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Talking in Images Creates Presidential Charisma

Those whose speeches paint pictures are seen as great leaders

MONDAY, Jan. 28, 2002 (HealthDayNews) -- A picture is worth a thousand words, and a picture painted with words may be worth bundles more in an election year.

Researchers at Purdue University have found that American presidents who used more image-based words in their speeches were seen as more charismatic and scored higher on "greatness" surveys.

Image-based words easily evoke an image, sight, sound, or smell. Concept-based words convey ideas.

Grover Cleveland, for example, used nearly 54 percent more concept-based language and 40 percent less image-based language than the ever-popular Theodore Roosevelt. Roosevelt's public vocabulary included ssuch words as "laughter," "crackling," "heart" and "choked," while Cleveland gravitated towards "obliged," "purchase," "labor" and "payment."

The research appears in a recent issue of Administrative Science Quarterly.

The power of image-based words extends to all disciplines.

"Whether you're an artist, writer or leader, you have to cultivate your own following," says Cynthia G. Emrich, lead author and an assistant professor at Purdue's Krannert School of Management. "There are a lot of people out there vying to lead, to have their plays read or their art appreciated, so the idea is to try to cultivate a following."

As the study shows, image-based words are more likely to do the trick.

"We create word pictures and tell stories as the way to be 'listenable' speakers, and those presidents who have texts that evoke images are going to be so much more resonant with their listening public," says Andrew Wolvin, a fellow at the James MacGregor Burns Academy of Leadership at the University of Maryland in College Park.

The researchers conducted two studies. In the first study, they compared the number of image-based words and concept-based words in the inaugural addresses of every elected president from Washington to Reagan. They then cross-referenced these numbers to a measure of public charisma commonly accepted by academics, and they found thatimage-based rhetoric was indeed linked to perceptions of charisma.

John F. Kennedy, considered one of the most captivating presidents ever, used a high proportion of image-based words. They are italicized here in a portion of his 1961 inaugural address: "Together let us explore the stars, conquer the desert, eradicate disease, tap the ocean depths, and encourage the arts and commerce."

Compare that with Jimmy Carter's 1977 inaugural address and its equally high number of concept-based words, also italicized: "Let our recent mistakes bring a resurgent commitment to the basic principles of our nation, for we know that if we despise our own government, we have no future." Few people remember Carter as a charismatic leader while he occupied the Oval Office.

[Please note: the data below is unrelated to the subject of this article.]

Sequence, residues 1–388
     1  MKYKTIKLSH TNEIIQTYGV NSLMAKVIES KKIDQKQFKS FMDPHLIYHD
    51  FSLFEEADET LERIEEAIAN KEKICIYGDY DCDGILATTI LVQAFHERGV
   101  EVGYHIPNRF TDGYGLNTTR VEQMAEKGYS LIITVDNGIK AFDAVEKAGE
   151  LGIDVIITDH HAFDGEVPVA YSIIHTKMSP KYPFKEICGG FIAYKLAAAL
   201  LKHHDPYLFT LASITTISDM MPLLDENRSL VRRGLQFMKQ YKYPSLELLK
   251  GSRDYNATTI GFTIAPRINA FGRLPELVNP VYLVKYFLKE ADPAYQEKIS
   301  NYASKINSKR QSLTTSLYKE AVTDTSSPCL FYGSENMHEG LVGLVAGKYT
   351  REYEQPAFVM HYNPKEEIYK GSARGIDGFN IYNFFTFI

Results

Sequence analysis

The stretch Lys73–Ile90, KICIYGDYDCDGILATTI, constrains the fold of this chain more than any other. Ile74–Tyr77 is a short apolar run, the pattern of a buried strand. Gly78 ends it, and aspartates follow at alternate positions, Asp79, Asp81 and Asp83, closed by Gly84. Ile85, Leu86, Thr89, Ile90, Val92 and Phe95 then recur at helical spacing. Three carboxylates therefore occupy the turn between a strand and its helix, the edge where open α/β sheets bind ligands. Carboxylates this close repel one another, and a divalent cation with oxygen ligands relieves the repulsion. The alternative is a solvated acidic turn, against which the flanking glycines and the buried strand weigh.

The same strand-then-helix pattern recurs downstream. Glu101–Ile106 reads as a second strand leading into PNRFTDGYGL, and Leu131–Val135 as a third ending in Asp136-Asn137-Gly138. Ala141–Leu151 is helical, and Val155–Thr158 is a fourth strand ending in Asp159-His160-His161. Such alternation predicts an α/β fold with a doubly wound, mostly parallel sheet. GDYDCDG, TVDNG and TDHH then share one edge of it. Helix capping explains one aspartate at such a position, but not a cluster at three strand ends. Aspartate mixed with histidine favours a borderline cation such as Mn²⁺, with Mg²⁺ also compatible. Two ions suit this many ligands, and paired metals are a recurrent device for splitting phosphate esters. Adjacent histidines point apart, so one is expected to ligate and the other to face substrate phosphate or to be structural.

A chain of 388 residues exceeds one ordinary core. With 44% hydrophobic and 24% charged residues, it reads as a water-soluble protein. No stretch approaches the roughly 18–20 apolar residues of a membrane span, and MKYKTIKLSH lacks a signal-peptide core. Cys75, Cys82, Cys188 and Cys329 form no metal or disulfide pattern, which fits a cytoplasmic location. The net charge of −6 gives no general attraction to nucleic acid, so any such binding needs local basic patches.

The second study analyzed pivotal speeches made by presidents, from Washington through Reagan, again looking at the frequency of image-based and concept-based words. Importantly, presidents were more likely to be very involved in the writing of the speech in these cases. This time, presidents who used more image-based words ranked higher in terms of charisma and greatness, though the link to greatness was less than that to charisma.

"Certainly, the link between image-based words and charisma was present, regardless of whether you're talking about a president's inaugural address or pivotal speech," says Emrich.

However, the link between image-based rhetoric and perceived greatness was greater in the pivotal speeches. This may have more to do with the purpose of the speech, however. So-called pivotal speeches generally try to inspire the people to do something specific, whereas inaugural speeches simply aim to inspire.

Clinton and the two Bushes were excluded from the studies because they are not yet included in the measures of greatness used by the study authors.

But if you want to do your own investigation of charisma and greatness, watch President Bush's State of the Union Address tomorrow night.

What To Do

Visit Texas A&M University's Presidential Speech Archive to view Abraham Lincoln's "Gettysburg Address," Theodore Roosevelt's "The Man with the Muckrake," Franklin D. Roosevelt's "Arsenal of Democracy," John F. Kennedy's Inaugural Address, and other famous speeches by American presidents.

The findings on charisma and language are not confined to presidents. Martin Luther King Jr. used a high proportion of image-based words. Visit PBS's Great Public Speeches to view King's "I Have A Dream" speech.

Another researcher found that the most popular of William Shakespeare's 154 sonnets were the ones with more image-based words. Click here to read the sonnets.

SOURCES: Interviews with Cynthia G. Emrich, Ph.D., assistant professor, Krannert School of Management, Purdue University, West Lafayette, Ind.; Andrew Wolvin, Ph.D., professor of communications, and fellow, James MacGregor Burns Academy of Leadership, University of Maryland, College Park; September 2001 Administrative Science Quarterly
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